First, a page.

Frame drops are evident whenever the GPU load consistently stays above the 85 - 90% mark. We find that the GB-BKi7HA-7500 can't handle scenarios where upscaling is required (we use a 1080p display for this evaluation). However, 1080i/p and 4K content were decoded and rendered without any issues.
We also performed a similar evaluation with Kodi 17.1RC in its default configuration. Kodi has absolutely no issues in playing back our test streams.
Kaby Lake-U has one of the most comprehensive codec supports in the market after Intel decided to add HEVC 8b and 10b full hardware decode. In fact, there is also support for 10-bit VP9 in the GPU. It is a pity that the display engine still doesn't support HDMI 2.0 natively. However, GIGABYTE has integrated a LSPCon and ensured that the lack of native support is not a problem for the GB-BKi7HA-7500.
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peterfares - Thursday, March 16, 2017 - linkThe Mac Mini is quite a bit larger than these things, that's how the power supply is integrated. That said, I do prefer the Mac Mini's form-factor more. I would take a larger box and have the power supply integrated, I've always hated external power supplies. Especially in monitors - I now only buy monitors with built in power supplies.
TheinsanegamerN - Monday, March 20, 2017 - linkOTOH, external is a heck of a lot easier to replace when it goes bad. And easier to get replacements, as third parties will make externals, but not proprietary internals.
capedave - Friday, March 17, 2017 - linkPower brick never bothers me, as long as it is QUALITY. Better slower quieter more powerful fans? Hell yes!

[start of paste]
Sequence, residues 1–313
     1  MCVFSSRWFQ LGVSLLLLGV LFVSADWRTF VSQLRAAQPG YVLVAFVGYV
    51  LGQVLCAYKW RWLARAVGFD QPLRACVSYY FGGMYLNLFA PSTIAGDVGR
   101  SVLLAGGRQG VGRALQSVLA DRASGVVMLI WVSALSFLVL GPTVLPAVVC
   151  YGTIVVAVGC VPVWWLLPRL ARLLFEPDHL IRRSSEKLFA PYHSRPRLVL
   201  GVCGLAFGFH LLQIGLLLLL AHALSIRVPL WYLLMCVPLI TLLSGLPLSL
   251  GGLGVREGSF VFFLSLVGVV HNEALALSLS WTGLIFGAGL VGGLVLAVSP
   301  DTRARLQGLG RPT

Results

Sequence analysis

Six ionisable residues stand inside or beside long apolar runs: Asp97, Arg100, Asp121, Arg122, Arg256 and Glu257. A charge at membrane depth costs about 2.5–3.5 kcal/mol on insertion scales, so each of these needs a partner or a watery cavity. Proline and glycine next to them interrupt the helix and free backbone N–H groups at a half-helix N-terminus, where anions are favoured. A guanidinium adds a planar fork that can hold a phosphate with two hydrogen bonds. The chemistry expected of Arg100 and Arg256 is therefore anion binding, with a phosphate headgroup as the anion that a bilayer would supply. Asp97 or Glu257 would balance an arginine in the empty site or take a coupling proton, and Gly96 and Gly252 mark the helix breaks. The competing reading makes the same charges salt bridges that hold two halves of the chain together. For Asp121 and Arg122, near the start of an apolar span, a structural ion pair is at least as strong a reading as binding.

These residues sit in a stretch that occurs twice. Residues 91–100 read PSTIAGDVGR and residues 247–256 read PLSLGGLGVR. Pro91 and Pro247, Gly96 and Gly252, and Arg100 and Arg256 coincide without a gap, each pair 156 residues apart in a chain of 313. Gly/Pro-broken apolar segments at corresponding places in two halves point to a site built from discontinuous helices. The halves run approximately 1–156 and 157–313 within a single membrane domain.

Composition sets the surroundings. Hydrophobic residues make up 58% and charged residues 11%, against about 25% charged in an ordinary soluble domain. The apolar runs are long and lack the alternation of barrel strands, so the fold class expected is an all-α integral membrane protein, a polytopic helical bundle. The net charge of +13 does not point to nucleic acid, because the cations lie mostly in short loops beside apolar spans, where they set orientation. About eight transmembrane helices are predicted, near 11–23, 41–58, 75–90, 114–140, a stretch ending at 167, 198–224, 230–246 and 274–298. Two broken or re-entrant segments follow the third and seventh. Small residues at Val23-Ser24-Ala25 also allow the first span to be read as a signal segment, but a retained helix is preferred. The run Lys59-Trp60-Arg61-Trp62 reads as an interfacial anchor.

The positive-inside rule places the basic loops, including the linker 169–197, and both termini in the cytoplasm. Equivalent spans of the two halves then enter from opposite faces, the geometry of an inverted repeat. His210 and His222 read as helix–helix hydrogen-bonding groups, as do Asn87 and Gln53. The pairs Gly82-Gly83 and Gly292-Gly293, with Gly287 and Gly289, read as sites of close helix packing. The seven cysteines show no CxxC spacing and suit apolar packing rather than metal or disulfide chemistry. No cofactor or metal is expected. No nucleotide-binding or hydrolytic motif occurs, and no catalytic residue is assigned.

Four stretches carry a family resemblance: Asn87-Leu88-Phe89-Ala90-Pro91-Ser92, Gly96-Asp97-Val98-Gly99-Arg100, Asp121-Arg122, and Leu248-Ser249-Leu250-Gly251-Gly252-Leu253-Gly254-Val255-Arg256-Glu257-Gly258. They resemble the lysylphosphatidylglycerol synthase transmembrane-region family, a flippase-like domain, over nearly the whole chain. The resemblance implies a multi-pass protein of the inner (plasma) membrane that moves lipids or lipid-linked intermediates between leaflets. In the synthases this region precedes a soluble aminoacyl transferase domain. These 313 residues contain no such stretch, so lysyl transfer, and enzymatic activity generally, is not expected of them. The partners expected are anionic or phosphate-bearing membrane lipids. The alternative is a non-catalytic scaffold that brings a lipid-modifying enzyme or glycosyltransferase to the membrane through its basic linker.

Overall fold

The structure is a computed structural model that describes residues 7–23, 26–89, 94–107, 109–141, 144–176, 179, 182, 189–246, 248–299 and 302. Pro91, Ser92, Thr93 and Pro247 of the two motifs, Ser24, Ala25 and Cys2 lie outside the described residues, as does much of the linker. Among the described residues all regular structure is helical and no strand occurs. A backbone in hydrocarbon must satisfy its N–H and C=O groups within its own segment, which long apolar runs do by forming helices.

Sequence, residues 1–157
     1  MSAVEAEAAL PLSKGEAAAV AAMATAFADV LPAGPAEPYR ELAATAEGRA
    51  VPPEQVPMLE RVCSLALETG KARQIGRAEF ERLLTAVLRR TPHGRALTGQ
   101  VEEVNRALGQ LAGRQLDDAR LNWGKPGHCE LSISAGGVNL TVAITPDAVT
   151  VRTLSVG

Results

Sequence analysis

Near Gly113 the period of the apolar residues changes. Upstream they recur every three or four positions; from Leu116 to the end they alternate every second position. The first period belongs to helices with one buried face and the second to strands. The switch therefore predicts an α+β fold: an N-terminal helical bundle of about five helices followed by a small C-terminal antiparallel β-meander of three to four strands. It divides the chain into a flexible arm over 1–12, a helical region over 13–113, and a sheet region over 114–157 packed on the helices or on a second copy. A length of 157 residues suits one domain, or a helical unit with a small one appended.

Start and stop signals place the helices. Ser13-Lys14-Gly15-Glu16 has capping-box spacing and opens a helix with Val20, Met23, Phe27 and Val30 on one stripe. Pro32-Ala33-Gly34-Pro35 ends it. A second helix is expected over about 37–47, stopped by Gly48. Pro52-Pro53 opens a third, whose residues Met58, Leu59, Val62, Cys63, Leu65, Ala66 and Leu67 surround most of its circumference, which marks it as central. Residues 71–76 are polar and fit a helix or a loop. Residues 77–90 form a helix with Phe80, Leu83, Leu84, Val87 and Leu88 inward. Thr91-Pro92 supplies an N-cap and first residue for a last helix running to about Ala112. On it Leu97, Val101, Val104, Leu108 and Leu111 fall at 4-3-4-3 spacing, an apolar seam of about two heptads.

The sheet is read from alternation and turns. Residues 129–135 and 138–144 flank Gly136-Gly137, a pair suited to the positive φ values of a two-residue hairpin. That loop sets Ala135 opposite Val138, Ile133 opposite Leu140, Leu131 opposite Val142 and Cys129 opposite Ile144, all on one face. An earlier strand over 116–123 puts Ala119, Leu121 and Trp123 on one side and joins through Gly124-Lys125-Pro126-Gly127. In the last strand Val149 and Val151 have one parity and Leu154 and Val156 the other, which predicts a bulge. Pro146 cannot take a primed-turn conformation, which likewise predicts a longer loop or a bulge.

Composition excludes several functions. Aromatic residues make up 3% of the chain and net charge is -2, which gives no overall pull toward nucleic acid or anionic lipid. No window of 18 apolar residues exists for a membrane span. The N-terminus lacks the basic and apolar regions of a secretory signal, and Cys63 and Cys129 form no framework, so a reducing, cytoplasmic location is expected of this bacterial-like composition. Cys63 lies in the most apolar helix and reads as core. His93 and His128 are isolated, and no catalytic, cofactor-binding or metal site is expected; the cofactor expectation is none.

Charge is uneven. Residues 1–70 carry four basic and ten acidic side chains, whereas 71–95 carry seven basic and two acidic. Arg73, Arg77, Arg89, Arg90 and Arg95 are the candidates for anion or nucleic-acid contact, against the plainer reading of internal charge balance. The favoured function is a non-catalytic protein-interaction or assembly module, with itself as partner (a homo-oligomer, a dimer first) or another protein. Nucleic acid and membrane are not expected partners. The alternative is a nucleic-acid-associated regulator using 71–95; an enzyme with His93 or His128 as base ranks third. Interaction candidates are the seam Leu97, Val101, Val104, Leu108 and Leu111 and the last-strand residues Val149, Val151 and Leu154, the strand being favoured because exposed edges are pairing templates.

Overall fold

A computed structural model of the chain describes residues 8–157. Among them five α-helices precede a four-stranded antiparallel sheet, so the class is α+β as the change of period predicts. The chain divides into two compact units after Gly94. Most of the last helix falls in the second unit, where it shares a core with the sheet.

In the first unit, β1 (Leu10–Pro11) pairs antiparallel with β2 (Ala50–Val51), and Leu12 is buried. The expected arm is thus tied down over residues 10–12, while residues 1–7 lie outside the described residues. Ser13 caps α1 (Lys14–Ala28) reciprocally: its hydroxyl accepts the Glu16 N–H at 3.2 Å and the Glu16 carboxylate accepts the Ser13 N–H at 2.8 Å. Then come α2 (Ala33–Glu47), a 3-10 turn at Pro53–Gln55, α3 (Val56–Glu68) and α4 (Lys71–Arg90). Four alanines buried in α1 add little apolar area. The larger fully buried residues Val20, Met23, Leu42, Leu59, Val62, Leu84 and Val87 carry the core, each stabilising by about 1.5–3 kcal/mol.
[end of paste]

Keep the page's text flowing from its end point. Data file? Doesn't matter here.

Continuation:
geok1ng - Friday, March 17, 2017 - linki have a hard time trying to understand the market niche for such products. they cost between a chinese 2in1 and an ultrabook, without offering many advantages over either. a SFF PC with a pentium G4560 would cost a fraction of it, while having a slightly bigger footprint. The way i see it, one either picks a performance king, like the 7267U, a budget king like the G4560, or a power sipper like the 7Y57. I fail to understand why choose a 15w SKU that does not perform when you have 3 alternatives that either cost much less, draw much less power or deliver much better graphics performance.
kaidenshi - Sunday, March 19, 2017 - link"a SFF PC with a pentium G4560 would cost a fraction of it, while having a slightly bigger footprint."
Indeed, my main workstation is a Skylake G4500 and it's more than fast enough. It's in a mid tower case but I could switch to a mini-ITX board and case, keeping the rest of my components, and have something 1/4 the size with the same power. Having it in a Brix/NUC format would be even better since I don't play AAA games and have no need for a discrete GPU.
I guess we don't see Pentium Gxxxx in SFF PCs because there's really no profit margin for those CPUs.
capedave - Friday, March 17, 2017 - linkA shame that more noise analysis is not mandatory in computer reviews. From what tiny amount of information exists, I am thinking it is too loud for me. Decibels? Who knows?
awehring - Friday, March 17, 2017 - link+1
Sailor23M - Sunday, March 19, 2017 - linkWas really looking for the comparison against the Intel Skull Canyon NUC
1_rick - Saturday, April 15, 2017 - linkI suspect it doesn't compare to the Skull Canyon. No Iris and only has half the cores.
DroidTomTom - Saturday, April 1, 2017 - linkThe NUC market is one area where more competition is needed. Same price as a similarly equipped laptop minus monitor, speakers, web cam, keyboard, and mouse. I really hope Ryzen can make a huge dent in this area.